Find the argument of $1+i\tan(x)$

Find the argument of $1+i\tan(x)$.

My approach (assuming I solve for Principal argument):

$\arg(1+i\tan(x))= \arctan\left(\frac{\tan(x)}{1}\right)=x$.

However, the answer in the textbook is $x-\pi$ (for Principal argument) otherwise, $x+k\pi$, where $k$ is an integer.

What did I do wrong?

EDIT: I don't think it adjusts the angle. Consider the following: It will adjust the angle for example for $tan(\frac{2\pi}{3})$ - the complex number makes an angle $-\frac{\pi}{3}$ with the real axis, and $\frac{2\pi}{3}-\pi=\frac{-\pi}{3}$ indeed adjusts it. But for $tan(\frac{\pi}{3})$ it "tries" to adjust the angle ( $\frac{\pi}{3}-\pi=\frac{-2\pi}{3}$ ) but it shouldn't, because the resulting complex number would make an angle $\frac{\pi}{3}$ with the real axis, not $\frac{-2\pi}{3}$

• In your textbook $Arg(z)$ belongs in $(-\pi,\pi]$, or in a different set? – Nikolaos Skout Mar 24 '16 at 13:51
• If tan isnt in first quadrant or third quadrant itll be negative so $+k\pi$ adjusts it – Archis Welankar Mar 24 '16 at 13:53
• @NikolaosSkout - in $(-\pi, \pi]$ – Richard Smith Mar 24 '16 at 14:01
• @ArchisWelankar - EDIT: I think I got what you mean. It will adjust the angle for example for $tan(\frac{2\pi}{3})$ - the complex number makes an angle $-\frac{\pi}{3}$ with the real axis, and $\frac{2\pi}{3}-\pi=\frac{-\pi}{3}$ indeed adjusts it. But for $tan(\frac{\pi}{3})$ it "tries" to adjust the angle $\frac{\pi}{3}-\pi=\frac{-2\pi}{3}$ but it shouldn't, because the resulting complex number would make an angle $\frac{\pi}{3}$ with the real axis, not $\frac{-2\pi}{3}$ – Richard Smith Mar 24 '16 at 14:44
• So k can be $0$?? – Archis Welankar Mar 24 '16 at 14:50

Compute the modulus: $$|1+i\tan x|^2=1+\tan^2x=\frac{1}{\cos^2x}$$ Depending on whether $\cos x>0$ or $\cos x<0$, the modulus is $1/\cos x$ or $-1/\cos x$.

Case $\cos x>0$

$$1+i\tan x=\frac{1}{\cos x}(\cos x+i\sin x)$$ and the argument is $x$ (reduced to whatever interval you choose as the principal one).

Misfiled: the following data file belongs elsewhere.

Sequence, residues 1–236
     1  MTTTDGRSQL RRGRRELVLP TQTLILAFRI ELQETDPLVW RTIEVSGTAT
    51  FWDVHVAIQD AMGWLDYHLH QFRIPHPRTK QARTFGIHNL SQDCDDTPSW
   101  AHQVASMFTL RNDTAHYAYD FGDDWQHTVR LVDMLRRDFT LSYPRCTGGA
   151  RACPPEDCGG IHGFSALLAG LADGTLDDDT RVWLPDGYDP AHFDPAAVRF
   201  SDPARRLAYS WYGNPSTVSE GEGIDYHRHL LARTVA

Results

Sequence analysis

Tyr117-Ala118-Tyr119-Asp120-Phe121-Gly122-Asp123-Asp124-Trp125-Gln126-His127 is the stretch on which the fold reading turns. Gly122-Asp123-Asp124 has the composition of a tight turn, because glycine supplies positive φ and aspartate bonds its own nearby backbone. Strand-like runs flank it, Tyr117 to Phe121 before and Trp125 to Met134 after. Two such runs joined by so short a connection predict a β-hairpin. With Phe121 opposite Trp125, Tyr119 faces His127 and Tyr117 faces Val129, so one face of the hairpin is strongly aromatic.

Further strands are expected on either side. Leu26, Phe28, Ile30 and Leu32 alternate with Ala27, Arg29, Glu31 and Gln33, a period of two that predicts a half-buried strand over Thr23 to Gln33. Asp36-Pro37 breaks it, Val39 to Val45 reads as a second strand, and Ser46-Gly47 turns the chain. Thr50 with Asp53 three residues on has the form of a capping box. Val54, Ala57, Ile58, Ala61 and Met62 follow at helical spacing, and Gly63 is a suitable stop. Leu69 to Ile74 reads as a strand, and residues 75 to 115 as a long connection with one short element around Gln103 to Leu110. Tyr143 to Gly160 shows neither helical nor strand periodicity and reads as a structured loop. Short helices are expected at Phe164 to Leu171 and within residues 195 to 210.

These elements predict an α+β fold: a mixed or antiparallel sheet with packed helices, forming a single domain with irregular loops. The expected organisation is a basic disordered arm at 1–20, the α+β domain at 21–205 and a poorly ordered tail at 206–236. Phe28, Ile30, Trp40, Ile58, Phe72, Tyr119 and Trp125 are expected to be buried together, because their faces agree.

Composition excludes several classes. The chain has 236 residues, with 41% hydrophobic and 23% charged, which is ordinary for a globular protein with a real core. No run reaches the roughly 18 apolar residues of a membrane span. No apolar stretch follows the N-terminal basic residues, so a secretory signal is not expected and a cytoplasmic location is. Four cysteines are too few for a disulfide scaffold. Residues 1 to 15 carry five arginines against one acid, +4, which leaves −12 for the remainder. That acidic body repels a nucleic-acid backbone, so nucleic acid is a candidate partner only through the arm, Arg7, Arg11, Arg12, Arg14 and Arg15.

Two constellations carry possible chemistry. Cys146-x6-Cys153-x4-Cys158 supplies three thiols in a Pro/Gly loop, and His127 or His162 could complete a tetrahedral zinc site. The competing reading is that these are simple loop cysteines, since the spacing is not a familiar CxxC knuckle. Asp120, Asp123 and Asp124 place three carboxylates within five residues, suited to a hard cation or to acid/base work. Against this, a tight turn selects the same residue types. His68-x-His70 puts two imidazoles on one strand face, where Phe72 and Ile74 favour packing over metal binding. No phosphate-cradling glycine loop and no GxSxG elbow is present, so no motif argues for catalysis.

Case $\cos x<0$

$$1+i\tan x=\frac{-1}{\cos x}(-\cos x-i\sin x)= \frac{-1}{\cos x}(\cos(\pi+x)+i\sin(\pi+x))$$ and the argument is $\pi+x$ (reduced to whatever interval you choose as the principal one).

Convention usually says that $$-\pi\lt\arg(z)\le\pi\tag{1}$$ $1+i\tan(x)$ is always in quadrants $1$ or $3$. Thus, $$-\frac\pi2\le\arg(1+i\tan(x))\le\frac\pi2\tag{2}$$ and \begin{align} \arg(1+i\tan(x)) &=\tan^{-1}(\tan(x))\\[6pt] &\equiv x\pmod\pi\tag{3} \end{align} There is only one value that satisfies $(2)$ and $(3)$. That is, $$x-\pi\left\lfloor\frac x\pi+\frac12\right\rfloor\tag{4}$$ Except when $x=\frac\pi2\pmod\pi$ where $\tan(x)$ is undefined (or $\infty$).

• Thanks for the answer, it was helpful. :) I have two more questions, though: 1) So the textbook answer was wrong? According to the book answer I wrote in the first post, the principal value is $x-\pi$, which, I think, doesn't agree with your answer. 2) Your answer is in principal value, could it be written in a simpler way if we didn't care about principal value? – Richard Smith Mar 24 '16 at 17:56
• It depends on where $x$ lives. If $\frac\pi2\lt x\lt \frac{3\pi}2$, then the answers agree. – robjohn Mar 24 '16 at 19:58
• Note that $\left\lfloor\frac x\pi+\frac12\right\rfloor$ is an integer, so $(4)$ represents an integer multiple of $\pi$ added to or subtracted from $x$. – robjohn Mar 24 '16 at 20:04